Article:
Ecommerce, or Electronic Commerce, has as big of a cult following as it does corporate intrigue. With business deeply-rooted in traditional ways, rapid expansion and adaptation to E-marketing methods such as PPC (Pay-per-Click) and PPI (Pay-per-Impression) advertising are new and shiny, but nevertheless confusing.
Is Ecommerce in its current incarnation a future science within a science? Many economists are willing to bet that it is.
“Classical economics—macro and micro—are what history is to political science,” says Brenda Fisher, a part-time teacher at Edmonds Community College, “It’s significant, but nevertheless ultimately retrofitted and replaced by the newer science, which is more adaptive and less ‘dusty’.”
E-marketing specialists specifically deal with running successful campaigns to gain and retain customers on any E-business website. While some business like Amazon.com exclusively sell online, there are other business who are not comfortable transitioning to such a radical model. While many of them offer online features such as instant quotes, insurance companies are an example of a type of business that has not yet fully transitioned to the web as a medium. This is largely due in part to a “human” element in the business, which is lost in the medium of text and e-mailing.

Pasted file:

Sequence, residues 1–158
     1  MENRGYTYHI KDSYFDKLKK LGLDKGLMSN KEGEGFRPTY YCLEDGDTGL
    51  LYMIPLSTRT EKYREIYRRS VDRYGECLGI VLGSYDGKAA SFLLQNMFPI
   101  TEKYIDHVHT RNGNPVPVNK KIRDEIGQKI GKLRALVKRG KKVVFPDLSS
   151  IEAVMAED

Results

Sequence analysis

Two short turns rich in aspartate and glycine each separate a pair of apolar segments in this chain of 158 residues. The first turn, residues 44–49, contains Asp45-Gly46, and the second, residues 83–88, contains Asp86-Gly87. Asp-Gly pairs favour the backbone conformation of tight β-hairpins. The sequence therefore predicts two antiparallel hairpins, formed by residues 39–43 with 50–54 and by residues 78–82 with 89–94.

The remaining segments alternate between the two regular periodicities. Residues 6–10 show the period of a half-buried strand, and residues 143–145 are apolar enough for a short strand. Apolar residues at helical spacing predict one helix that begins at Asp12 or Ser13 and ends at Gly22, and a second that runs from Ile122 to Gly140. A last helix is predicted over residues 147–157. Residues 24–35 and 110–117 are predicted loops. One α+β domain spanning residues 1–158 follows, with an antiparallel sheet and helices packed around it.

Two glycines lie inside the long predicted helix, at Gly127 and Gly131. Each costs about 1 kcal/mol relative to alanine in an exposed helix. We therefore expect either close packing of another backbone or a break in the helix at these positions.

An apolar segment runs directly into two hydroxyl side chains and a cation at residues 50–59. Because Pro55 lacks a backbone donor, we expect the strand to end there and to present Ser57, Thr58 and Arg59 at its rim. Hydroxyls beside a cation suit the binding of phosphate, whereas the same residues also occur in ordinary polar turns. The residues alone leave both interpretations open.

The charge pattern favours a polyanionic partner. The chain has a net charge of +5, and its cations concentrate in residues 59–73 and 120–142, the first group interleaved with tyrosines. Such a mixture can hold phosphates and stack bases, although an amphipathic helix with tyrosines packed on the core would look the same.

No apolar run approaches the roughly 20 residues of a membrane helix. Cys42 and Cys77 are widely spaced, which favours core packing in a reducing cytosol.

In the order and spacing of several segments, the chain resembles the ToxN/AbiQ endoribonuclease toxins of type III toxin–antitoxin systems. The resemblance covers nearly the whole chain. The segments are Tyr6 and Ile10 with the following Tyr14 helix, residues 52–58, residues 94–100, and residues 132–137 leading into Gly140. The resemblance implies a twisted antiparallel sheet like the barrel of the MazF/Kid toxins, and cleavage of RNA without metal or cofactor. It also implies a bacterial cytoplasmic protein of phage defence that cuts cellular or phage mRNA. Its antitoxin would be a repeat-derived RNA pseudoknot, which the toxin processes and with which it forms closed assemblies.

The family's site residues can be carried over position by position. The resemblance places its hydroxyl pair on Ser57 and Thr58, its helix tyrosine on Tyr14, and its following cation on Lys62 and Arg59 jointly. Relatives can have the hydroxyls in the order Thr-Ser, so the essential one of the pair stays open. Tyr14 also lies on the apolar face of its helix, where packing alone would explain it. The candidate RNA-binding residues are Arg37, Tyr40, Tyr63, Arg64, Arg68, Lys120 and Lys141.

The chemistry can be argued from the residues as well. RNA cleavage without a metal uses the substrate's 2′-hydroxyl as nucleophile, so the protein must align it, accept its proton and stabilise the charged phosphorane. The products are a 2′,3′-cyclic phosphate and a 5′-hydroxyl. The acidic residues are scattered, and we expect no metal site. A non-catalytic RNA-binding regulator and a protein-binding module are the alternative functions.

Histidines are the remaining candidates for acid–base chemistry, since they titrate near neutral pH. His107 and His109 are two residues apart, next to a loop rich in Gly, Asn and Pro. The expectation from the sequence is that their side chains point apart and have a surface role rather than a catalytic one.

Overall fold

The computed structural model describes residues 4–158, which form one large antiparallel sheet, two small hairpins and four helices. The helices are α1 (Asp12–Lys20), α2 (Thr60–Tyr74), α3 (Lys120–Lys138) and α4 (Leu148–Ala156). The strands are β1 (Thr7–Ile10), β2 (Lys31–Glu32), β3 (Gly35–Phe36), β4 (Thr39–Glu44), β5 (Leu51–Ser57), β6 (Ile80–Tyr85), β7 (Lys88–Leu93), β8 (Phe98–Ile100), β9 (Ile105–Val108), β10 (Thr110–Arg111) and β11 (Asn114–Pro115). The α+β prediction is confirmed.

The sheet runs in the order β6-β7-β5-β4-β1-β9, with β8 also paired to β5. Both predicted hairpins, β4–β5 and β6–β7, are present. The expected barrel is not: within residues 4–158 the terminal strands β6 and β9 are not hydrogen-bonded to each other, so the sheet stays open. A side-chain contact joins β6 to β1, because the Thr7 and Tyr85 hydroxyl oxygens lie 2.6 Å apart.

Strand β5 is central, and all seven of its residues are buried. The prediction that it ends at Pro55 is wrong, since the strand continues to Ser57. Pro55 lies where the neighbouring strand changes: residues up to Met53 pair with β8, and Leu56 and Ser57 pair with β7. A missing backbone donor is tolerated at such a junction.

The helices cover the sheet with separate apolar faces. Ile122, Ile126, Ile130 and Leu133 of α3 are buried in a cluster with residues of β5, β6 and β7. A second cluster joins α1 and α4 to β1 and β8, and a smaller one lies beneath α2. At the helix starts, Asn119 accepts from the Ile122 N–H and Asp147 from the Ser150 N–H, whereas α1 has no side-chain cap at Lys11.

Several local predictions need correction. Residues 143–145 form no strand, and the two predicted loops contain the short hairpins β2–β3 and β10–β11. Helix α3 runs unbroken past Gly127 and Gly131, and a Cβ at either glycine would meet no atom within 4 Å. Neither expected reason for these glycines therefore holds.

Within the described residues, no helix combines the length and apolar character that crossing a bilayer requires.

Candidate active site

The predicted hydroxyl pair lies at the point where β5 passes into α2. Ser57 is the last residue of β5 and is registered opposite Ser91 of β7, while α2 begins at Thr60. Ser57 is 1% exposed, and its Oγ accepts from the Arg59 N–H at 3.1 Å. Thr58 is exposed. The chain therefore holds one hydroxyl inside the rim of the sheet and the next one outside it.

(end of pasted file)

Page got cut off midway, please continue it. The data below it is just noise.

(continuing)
“It seems so emotionless, yet there’s actually a lot of potential for human emotion to play its part,” notes Fisher, “Corporations like Cisco are working to ensure that human emotion, body language, and intuition play important roles in E-business in the future.”
With the future landscape of online business anything but stable and predictable, Ecommerce will remain an integrated science. Let us hope those SEO companies stay around as long as Google does.